U.S. approves first large offshore wind farm

US regulators today approved the country’s first utility-scale offshore wind farm, potentially the start of a wave of new projects off the country’s east coast.

The Bureau of Ocean Energy Management (BOEM) today announced its final approval for the 800MW Vineyard Wind I project, planned for the Atlantic Ocean off the coast of Massachusetts.

With the approval in hand, Vineyard Wind will be able to construct up to 84 turbines, with the project expected to begin delivering electricity in 2023.

US interior secretary Deb Haaland called the decision “significant milestone” for the country’s nascent offshore wind industry.

“The demand for offshore wind energy has never been greater,” Haaland said. “The technological advances, increased interest, cost effectiveness and tremendous economic potential make offshore wind a promising path for diversifying our national energy portfolio while at the same time combating climate change.”

The decision supports President Joe Biden’s push for the US to add 30,000MW of offshore wind capacity by 2030, part of his larger pledge to transition the US grid to 100pc zero-emissions resources by 2035.

The approval could provide a boost to renewable energy certificate (REC) markets in the New England region, where many states are set to ratchet up their clean energy mandates. Utilities in the region will increasingly depend on RECs from offshore projects like Vineyard Wind I as the decade advances, and delays to the industry have threatened to upset those expectations.

The US currently has two small offshore wind farms operating, one off the coast of Rhode Island and one off Virginia. But many states along the US east coast have set aggressive targets for bringing new capacity on line in the coming 15 years.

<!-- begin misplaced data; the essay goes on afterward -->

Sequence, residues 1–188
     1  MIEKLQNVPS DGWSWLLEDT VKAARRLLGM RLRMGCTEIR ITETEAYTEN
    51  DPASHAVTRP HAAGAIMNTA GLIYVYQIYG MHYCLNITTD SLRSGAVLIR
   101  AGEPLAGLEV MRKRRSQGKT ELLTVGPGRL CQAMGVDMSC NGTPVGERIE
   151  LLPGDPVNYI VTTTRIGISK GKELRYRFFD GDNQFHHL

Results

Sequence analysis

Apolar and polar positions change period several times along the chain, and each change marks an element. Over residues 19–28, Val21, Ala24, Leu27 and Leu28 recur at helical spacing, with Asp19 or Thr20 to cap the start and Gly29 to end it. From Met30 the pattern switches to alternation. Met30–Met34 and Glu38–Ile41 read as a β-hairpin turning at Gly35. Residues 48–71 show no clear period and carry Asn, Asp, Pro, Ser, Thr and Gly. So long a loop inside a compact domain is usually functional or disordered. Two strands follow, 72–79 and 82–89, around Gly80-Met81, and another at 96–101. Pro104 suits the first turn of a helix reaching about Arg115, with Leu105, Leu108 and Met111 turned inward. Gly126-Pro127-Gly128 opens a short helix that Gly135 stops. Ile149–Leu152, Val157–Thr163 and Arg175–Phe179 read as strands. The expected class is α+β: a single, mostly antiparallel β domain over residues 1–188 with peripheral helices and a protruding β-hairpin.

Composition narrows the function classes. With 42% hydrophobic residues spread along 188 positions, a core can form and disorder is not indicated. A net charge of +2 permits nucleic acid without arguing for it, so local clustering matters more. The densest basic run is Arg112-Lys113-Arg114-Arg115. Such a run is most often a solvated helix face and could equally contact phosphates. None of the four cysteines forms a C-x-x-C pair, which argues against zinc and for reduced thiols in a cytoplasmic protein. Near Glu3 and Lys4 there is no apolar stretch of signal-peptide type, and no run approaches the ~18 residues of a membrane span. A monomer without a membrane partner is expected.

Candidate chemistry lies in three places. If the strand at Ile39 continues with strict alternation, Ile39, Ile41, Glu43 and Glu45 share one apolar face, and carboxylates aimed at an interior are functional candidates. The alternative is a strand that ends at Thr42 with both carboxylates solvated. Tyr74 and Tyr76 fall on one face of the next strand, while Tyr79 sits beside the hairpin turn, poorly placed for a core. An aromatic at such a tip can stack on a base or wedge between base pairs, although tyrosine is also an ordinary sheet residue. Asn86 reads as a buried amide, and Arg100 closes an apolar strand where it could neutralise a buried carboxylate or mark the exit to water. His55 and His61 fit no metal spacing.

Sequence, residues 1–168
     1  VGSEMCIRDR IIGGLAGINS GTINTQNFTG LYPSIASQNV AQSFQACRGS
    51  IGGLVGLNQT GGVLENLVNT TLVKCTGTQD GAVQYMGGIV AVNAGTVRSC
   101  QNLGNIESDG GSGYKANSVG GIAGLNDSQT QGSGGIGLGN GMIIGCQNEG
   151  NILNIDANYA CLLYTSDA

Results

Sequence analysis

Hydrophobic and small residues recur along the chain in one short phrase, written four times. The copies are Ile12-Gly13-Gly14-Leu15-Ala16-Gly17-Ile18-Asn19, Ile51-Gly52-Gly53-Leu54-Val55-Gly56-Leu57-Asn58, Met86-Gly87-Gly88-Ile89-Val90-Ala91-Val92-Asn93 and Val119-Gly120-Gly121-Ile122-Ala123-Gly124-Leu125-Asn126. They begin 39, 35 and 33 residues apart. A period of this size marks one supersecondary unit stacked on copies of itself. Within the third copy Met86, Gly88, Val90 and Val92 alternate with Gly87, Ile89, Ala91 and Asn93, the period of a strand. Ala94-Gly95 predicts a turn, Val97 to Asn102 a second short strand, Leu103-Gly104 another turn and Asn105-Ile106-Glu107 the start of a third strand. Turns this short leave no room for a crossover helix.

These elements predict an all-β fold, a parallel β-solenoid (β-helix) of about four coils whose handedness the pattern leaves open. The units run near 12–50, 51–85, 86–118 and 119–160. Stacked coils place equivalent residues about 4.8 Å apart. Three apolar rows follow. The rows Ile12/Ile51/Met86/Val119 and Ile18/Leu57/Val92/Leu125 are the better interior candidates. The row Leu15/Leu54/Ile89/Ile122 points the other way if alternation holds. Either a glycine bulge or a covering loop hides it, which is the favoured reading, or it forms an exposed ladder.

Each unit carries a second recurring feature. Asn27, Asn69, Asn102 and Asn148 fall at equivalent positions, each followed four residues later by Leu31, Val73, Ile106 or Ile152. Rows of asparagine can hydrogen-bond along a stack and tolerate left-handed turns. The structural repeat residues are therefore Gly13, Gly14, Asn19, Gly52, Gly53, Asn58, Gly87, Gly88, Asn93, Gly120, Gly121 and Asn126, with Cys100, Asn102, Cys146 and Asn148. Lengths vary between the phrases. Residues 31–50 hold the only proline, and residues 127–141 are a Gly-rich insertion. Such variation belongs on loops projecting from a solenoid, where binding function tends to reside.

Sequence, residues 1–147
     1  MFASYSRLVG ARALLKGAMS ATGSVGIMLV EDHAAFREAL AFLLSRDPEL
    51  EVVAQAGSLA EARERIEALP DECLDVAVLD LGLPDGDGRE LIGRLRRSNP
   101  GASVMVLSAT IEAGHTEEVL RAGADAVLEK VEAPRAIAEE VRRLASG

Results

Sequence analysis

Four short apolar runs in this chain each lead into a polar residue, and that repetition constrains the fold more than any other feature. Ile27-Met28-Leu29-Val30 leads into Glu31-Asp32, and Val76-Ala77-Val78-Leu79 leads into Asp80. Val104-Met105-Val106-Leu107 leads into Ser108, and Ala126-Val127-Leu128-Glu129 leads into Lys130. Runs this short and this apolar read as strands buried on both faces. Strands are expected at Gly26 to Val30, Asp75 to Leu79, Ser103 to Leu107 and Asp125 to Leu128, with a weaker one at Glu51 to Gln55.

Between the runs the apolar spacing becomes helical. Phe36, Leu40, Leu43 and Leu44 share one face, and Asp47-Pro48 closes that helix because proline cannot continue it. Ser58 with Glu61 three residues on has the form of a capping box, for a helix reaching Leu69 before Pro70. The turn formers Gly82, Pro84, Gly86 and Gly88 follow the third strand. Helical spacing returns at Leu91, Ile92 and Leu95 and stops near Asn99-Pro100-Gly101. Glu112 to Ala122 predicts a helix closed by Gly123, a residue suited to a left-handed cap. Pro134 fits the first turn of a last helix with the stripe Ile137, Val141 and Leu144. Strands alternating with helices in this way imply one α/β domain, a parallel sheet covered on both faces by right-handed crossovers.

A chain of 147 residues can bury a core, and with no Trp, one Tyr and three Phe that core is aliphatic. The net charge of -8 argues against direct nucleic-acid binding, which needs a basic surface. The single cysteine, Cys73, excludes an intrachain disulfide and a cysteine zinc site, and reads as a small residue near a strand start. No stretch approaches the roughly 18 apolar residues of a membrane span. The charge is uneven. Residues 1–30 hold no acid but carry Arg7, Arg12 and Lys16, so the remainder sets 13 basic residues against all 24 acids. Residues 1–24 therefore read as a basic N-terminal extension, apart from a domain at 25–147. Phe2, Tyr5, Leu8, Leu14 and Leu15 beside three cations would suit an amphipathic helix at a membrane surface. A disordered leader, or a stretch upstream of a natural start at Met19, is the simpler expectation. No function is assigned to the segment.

Massachusetts has already awarded contracts to Vineyard Wind I and to the 804MW Mayflower Wind project to help the state meet its mandate of deploying 5,600MW of offshore wind capacity by 2035.

Today’s announcement turns the page on a drawn-out chapter in the Vineyard Wind I saga, as well as the US offshore industry as a whole.

“It has been a long road to get to this point, but ultimately, we are reaching the end of this process with the strongest possible project,” Vineyard Wind chief executive Lars Pedersen said.

The project is a joint venture between power company Avangrid and Danish investment firm Copenhagen Infrastructure Partners.

Under former president Donald Trump, BOEM in 2019 delayed its review of Vineyard Wind I, citing the need to conduct additional analysis to account for the cumulative capacity of a larger-than-expected number of projects proposed along the US northeast coast. That decision pushed back the project’s original timeline, which would have put it on track for operations by the end of this year.

The protracted review effectively bottlenecked the offshore project pipeline as the industry waited for the agency to act.

And when Vineyard Wind late last year briefly withdrew its application from BOEM to update its construction and operations plan, the agency responded by cancelling its environmental review, sparking new questions about the project’s timeline. But the Biden administration’s aggressive focus on climate policy led to BOEM resuming the review in February and issuing its environmental analysis in March.

Sector advocates were quick to applaud thedecision.

“This approval should signal ‘go’ to all the supply chain companies that were waiting to see if the industry would move to commercial scale construction,” Business Network for Offshore Wind executive director Liz Burdock said. “All indicators point to the federal government continuing to move other projects forward through the permitting process.”